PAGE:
Well domestic stock destined for the slaughterhouse is of course not what I'm talking about. Deer have recovered from 1890 levels from closed seasons etc. but it is debatable if the present population exceeds pre colonial levels. Eagles have recovered after the banning of DDT but again who knows what the population was to begin with and the same for ducks and other water fowl.
That we have stopped decimating populations as much as we once did and have some small recoveries does not amount to doing those populations any good based on the real start point.
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Re: THE Solar Cell Thread Pt. 4 (merged)

Unread postby careinke » Wed 14 Dec 2022, 21:08:34

vtsnowedin wrote:
careinke wrote:
vtsnowedin wrote:
Newfie wrote:Good target practice and stew.
No they are endangered and protected. But if Coyotes move into the Eastern shore they will not last long. It wold be nice to see where some human intervention had increased the population of some species but I can not think of an example.


OMG really???????

Try Ducks Unlimited to start with. How about the HUGE increase in the Eagle population?? Seems to me the Deer population has also dramatically increased since colonial times. How about cows, sheep, goats, dogs, chickens, etc???

Whoever you (didn't) learn this stuff from, I'd go back and request a refund.

Peace

Well domestic stock destined for the slaughterhouse is of course not what I'm talking about. Deer have recovered from 1890 levels from closed seasons etc. but it is debatable if the present population exceeds pre colonial levels. Eagles have recovered after the banning of DDT but again who knows what the population was to begin with and the same for ducks and other water fowl.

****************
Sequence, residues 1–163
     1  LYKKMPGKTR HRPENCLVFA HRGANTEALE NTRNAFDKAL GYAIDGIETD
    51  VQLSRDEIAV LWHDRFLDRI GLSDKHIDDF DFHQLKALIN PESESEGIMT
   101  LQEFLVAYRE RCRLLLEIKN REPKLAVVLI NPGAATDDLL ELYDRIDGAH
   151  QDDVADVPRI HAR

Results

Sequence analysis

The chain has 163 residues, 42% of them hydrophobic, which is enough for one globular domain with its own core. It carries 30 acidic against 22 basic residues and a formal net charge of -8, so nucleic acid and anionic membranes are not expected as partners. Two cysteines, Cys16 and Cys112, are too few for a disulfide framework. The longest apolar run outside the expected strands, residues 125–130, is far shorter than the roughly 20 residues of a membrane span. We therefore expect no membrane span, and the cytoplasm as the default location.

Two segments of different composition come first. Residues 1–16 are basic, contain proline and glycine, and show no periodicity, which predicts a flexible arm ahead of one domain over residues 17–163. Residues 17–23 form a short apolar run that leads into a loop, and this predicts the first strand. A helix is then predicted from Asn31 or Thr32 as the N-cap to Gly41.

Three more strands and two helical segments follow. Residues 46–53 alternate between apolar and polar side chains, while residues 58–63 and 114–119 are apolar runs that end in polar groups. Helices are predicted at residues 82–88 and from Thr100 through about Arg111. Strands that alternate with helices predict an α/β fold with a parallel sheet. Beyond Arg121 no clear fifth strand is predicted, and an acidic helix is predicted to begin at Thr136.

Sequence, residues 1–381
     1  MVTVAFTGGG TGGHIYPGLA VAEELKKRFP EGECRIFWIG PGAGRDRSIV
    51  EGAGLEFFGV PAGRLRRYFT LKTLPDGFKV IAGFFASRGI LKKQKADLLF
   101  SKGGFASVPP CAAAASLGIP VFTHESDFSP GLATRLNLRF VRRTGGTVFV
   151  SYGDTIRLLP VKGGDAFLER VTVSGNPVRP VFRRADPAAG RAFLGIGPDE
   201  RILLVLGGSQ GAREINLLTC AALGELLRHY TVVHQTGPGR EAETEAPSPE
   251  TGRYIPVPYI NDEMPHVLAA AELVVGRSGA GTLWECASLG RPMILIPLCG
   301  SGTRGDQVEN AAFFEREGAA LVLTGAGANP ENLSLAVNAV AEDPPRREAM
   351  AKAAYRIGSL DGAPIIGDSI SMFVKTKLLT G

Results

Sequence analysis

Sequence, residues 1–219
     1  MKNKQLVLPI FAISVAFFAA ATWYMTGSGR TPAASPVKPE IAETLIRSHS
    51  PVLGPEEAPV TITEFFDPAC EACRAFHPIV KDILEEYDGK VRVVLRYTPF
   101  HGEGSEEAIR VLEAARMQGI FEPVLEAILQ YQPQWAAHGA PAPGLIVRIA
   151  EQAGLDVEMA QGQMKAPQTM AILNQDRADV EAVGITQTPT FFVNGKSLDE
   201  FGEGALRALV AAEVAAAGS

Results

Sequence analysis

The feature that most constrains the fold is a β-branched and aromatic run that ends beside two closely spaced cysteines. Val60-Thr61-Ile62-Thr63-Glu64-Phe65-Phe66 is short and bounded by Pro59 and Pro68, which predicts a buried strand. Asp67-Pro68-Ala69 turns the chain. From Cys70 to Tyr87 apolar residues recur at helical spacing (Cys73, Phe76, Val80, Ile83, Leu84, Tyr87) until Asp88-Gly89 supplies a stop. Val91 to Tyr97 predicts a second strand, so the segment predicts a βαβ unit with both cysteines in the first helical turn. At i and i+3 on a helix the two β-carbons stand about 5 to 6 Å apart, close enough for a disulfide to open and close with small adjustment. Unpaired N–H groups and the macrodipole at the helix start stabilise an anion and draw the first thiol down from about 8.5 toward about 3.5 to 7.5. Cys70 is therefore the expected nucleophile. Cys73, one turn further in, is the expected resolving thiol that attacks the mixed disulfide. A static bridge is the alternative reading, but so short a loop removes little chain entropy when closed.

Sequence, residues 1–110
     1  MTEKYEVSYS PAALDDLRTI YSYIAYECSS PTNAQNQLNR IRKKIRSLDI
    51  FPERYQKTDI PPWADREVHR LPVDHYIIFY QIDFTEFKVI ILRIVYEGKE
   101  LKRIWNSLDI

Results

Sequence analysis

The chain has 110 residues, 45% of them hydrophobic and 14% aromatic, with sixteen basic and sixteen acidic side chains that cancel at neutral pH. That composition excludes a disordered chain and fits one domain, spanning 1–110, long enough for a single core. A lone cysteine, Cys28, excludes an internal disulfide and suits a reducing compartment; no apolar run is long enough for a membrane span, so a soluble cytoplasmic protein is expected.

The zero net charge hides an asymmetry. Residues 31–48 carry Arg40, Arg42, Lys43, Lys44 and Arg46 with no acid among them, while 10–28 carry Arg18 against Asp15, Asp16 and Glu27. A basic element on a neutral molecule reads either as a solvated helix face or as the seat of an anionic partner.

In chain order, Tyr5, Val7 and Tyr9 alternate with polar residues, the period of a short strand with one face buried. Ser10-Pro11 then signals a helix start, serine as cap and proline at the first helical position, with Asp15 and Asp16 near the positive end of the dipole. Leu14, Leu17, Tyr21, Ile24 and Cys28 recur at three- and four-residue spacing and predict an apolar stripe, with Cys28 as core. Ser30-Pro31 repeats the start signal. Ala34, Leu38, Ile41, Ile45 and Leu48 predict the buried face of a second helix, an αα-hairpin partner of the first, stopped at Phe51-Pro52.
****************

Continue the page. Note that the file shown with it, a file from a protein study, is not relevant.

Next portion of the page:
That we have stopped decimating populations as much as we once did and have some small recoveries does not amount to doing those populations any good based on the real start point.


Where do you think domestic animals came from? Mars? Domesticated animals actually come from earth. Same with all "invasive" species.

Nevertheless, even if you try to minimize the successes, you were still wrong. :-D

Some people seem to be afraid of ever admitting they are wrong, I can think of a few on this forum. Makes it hard to learn with that kind of mindset.
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Re: THE Solar Cell Thread Pt. 4 (merged)

Unread postby vtsnowedin » Thu 15 Dec 2022, 14:45:27

careinke wrote:
Where do you think domestic animals came from? Mars? Domesticated animals actually come from earth. Same with all "invasive" species.

Nevertheless, even if you try to minimize the successes, you were still wrong. :-D

Some people seem to be afraid of ever admitting they are wrong, I can think of a few on this forum. Makes it hard to learn with that kind of mindset.

Have your way but my saying I could not think of an example was a true statement at the time I typed it. I considered Passenger pigeons, Bison, goony birds,wolves, elephants, cheetahs, all the African apes,. No winners came to mind. And no I don't consider several billion chickens living in racked cages laying eggs a good thing for their species.